The prevalence of Illiteracy and poor education has taken a great toll on society. Unawareness of basic political facts is rampant, including among university graduates. According to a poll conducted by the Egyptian Center for Public Opinion Research (Baseera), only 23% of Egyptians knew the year of the Suez Crisis, (4) an event as significant to Egypt’s modern history as the battle of Normandy is to Britain’s. The awareness of many Egyptians does not extend past the parochial domains of their personal lives or the results of their favorite soccer teams. A culture of mental laziness has led to an inclination by many to readily embrace the ideas offered by others. This is arguably an understandable option. The pursuit of knowledge carries with it the burden of thought, the responsibility of choice and confronting discomforting truths. This is why benighted people - the “bewildered herd” using Walter Lippmann’s expression - view ignorance as a shelter from evil, a feeling of sheer bliss.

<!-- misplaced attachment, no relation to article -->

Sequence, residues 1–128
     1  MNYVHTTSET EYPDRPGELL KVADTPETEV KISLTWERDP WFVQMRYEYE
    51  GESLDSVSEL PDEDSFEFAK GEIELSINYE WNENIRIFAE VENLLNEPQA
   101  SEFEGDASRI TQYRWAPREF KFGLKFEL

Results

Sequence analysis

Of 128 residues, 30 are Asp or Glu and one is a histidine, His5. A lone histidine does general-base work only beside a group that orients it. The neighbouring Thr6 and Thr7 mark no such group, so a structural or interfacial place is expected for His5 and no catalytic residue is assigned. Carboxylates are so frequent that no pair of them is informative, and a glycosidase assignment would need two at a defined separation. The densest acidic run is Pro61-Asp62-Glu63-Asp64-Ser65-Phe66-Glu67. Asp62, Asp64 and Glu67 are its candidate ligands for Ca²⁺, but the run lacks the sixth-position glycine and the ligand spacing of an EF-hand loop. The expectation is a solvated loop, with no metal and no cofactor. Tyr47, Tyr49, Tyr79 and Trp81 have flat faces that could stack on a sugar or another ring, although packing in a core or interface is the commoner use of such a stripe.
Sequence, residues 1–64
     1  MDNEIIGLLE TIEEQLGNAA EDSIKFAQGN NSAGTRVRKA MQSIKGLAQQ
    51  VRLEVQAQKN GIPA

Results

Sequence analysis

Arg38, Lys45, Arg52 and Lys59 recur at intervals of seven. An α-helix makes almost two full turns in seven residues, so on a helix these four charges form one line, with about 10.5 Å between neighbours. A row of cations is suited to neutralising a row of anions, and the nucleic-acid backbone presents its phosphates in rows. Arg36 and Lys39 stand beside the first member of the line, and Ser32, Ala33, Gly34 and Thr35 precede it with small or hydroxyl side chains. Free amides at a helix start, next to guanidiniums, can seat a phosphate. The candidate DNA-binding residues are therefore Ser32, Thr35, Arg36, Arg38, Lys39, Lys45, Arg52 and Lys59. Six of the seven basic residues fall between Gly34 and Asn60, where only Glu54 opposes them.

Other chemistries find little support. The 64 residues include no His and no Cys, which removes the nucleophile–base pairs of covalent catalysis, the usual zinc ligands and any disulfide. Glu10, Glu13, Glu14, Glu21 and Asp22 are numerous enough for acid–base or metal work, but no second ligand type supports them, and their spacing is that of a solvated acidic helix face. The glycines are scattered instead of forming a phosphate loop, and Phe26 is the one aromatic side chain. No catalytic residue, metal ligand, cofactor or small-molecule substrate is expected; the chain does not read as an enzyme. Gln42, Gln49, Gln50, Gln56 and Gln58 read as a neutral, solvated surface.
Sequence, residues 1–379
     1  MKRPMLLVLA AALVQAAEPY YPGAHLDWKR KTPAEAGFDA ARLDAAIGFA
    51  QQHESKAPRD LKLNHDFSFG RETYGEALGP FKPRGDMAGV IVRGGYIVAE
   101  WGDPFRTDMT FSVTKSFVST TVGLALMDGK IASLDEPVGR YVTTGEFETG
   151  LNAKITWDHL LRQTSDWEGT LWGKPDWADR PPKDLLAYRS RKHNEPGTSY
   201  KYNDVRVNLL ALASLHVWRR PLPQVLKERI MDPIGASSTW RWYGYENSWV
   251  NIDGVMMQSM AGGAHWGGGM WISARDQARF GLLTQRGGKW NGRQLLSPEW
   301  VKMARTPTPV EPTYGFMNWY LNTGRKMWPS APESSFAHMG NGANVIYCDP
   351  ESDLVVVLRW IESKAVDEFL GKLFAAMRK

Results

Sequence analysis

On the whole, Egypt is missing a lot of sobriety. The susceptibility to emotional populist rhetoric is widespread. As a result of the gravitation toward emotional rhetoric and the absence of critical thinking, basic instincts - anger, fear, hope and desire - have taken charge. Obviously, too scared to think, too angry to contemplate, and too complacent to change, this majority opted for conformity. Judging by the results, this is no less detrimental than evil.   
This begets the question: How can politics in a society with such a mental geography be reformed? How can history’s longtime subjects turn into its agents? The enlightened few can instigate a revolution (and they did, demanding freedom and social justice), but the realization of its goals on the long run needs more than the efforts of a small minority, however great its courage and devotion. More than two centuries ago, Maximilien Robespierre rightly opined that the “secret of freedom lies in educating people, whereas the secret of tyranny is in keeping them ignorant.” Indeed, when the simplest verities are lost, vulnerability to propaganda deepens. The perverted, state-sponsored propaganda of the counter-revolutionary forces in Egypt had, directly and indirectly, induced people to believe that revolution is sin, dictatorship benevolent, torture necessary and silence a virtue.